News from the DNR Office of Communications

DNR Funds Dredging And Jetty Work In Wicomico County

Nanticoke, Md. (December 1, 2010) — The Maryland Department of Natural Resources (DNR) Waterway Improvement Fund has approved a project at Wicomico County’s Nanticoke Harbor totaling $1,605,000. The project includes maintenance dredging 13,600 yards of material and repairing two existing stone jetties totaling 1,373 feet in length.

“This project is beneficial to the commercial and recreational boating citizens of Wicomico County and visitors who use Nanticoke Harbor,” said Gary Mackes, Director of Wicomico Parks, Recreation & Tourism.

Dredging will make the harbor more accessible to recreational and commercial boats that use the facility. Currently, some boats must wait to come and go at high tide to avoid running aground in the shallow channel. Rebuilding the stone jetties will help to keep sediment from accumulating in the harbor. Over the years the jetties have settled, reducing their effectiveness. This also means they are covered by water in high tides, rendering them a hazard to anyone not familiar with their location.

The dredging will begin immediately, followed by the reconstruction of the stone jetties. The project could be completed by the end of March. The contract was awarded to Corman Marine Construction.

This project is funded entirely by the Waterway Improvement Fund, which is funded by the five percent excise fee boaters pay when they register a boat in Maryland.

Bob Gaudette, Director of DNR’s Boating Services, said jobs like the Nanticoke Harbor project support marine contractors.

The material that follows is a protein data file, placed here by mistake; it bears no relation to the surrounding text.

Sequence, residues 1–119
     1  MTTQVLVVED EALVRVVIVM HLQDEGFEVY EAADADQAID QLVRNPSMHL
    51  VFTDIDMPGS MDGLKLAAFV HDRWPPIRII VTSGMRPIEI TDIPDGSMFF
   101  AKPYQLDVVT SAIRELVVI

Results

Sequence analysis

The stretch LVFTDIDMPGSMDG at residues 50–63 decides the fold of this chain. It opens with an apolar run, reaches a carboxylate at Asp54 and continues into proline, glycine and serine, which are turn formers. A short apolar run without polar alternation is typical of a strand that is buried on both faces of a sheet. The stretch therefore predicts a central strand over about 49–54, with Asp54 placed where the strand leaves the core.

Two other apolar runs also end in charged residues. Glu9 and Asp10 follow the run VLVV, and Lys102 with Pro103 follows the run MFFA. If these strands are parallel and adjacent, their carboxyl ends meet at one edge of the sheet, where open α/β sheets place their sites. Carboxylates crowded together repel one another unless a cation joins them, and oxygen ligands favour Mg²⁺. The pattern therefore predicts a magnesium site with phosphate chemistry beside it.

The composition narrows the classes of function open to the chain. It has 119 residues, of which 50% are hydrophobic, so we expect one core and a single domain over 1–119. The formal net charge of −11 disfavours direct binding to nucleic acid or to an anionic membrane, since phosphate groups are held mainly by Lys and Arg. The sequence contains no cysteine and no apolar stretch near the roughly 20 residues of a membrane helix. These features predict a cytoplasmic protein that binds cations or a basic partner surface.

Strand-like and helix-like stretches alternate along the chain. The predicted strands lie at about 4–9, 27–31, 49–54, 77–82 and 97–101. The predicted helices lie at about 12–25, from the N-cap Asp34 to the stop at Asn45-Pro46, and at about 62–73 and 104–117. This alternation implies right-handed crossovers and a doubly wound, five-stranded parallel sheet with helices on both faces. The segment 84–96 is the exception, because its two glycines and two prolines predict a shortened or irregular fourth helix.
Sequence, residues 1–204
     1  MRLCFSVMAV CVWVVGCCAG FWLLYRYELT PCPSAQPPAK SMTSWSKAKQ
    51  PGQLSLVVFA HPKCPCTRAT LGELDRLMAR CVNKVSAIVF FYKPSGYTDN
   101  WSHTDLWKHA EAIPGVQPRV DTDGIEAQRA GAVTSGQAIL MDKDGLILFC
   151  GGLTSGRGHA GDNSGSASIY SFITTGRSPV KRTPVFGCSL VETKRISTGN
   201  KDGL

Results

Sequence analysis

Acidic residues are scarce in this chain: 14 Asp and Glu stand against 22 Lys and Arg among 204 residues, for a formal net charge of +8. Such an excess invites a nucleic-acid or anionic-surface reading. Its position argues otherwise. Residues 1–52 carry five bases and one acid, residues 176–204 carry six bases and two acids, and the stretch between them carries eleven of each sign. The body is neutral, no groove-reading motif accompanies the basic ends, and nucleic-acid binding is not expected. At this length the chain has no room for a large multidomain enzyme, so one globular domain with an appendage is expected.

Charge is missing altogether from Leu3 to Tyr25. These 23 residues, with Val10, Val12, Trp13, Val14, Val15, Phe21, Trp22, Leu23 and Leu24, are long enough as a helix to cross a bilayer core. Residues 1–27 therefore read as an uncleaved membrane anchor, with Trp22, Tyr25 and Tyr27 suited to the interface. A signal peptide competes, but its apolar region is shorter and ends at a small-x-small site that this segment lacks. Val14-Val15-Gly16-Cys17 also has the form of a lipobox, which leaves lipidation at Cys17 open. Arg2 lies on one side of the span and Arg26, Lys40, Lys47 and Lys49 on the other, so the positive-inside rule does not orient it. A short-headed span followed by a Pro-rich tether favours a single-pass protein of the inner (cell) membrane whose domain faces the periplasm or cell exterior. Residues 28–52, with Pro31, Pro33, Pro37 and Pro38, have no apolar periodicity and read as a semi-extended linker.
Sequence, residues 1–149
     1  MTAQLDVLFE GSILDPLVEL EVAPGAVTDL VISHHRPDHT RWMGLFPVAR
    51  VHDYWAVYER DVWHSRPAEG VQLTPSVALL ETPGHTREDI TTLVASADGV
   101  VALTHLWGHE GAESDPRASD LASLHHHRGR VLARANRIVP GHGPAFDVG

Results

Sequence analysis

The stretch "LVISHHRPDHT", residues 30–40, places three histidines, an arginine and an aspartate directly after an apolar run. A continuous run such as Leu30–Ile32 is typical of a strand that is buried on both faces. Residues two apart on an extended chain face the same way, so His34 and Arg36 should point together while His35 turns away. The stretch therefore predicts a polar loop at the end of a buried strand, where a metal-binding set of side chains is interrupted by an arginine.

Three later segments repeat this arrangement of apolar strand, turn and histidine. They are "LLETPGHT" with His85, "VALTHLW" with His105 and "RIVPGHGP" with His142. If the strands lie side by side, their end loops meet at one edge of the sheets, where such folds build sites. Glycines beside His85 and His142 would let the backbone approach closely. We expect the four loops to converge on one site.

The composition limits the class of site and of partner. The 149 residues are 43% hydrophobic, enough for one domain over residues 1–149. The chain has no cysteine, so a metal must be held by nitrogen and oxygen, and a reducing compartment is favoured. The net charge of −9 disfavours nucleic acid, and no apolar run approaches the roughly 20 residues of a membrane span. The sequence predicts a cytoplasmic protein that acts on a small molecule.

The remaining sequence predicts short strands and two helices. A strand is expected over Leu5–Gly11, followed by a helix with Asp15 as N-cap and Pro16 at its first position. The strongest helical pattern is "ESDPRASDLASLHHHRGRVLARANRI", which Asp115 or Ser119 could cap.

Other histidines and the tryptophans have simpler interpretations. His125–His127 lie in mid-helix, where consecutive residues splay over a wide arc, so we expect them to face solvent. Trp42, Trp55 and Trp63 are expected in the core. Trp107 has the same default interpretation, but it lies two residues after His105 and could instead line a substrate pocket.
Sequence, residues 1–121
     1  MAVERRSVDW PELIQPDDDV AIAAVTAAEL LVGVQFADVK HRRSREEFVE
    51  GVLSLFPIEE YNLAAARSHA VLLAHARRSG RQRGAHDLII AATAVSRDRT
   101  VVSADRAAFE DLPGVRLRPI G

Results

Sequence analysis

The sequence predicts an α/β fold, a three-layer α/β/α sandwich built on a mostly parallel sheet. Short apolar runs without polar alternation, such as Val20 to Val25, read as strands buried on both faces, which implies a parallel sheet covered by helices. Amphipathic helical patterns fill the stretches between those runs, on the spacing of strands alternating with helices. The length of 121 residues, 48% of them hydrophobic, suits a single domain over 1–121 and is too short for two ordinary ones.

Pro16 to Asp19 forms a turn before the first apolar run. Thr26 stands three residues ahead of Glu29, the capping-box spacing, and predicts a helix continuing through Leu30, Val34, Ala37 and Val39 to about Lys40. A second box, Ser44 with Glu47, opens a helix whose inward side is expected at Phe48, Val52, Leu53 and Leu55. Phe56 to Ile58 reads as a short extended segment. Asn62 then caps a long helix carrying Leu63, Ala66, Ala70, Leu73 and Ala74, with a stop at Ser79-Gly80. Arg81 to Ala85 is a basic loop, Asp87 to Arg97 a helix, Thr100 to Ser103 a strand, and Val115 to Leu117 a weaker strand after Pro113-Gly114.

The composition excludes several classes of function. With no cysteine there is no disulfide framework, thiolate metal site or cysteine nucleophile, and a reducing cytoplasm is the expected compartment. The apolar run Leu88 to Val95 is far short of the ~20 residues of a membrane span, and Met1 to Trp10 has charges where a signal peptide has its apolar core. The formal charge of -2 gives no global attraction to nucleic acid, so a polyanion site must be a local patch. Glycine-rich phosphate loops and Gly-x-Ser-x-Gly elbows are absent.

"It really is a stimulus program for those in the marina industry. Contractors have indicated to me they would have laid off employees without the projects," said Gaudette.

To learn more about DNR’s Waterway Improvement Fund, visit

   December 1, 2010

Contact: Josh Davidsburg
410-260-8002 office I 410-507-7526 cell

The Maryland Department of Natural Resources is the state agency responsible for providing natural and living resource-related services to citizens and visitors. DNR manages nearly one-half million acres of public lands and 17,000 miles of waterways, along with Maryland's forests, fisheries and wildlife for maximum environmental, economic and quality of life benefits. A national leader in land conservation, DNR-managed parks and natural, historic and cultural resources attract 11 million visitors annually. DNR is the lead agency in Maryland's effort to restore the Chesapeake Bay, the state's number one environmental priority. Learn more at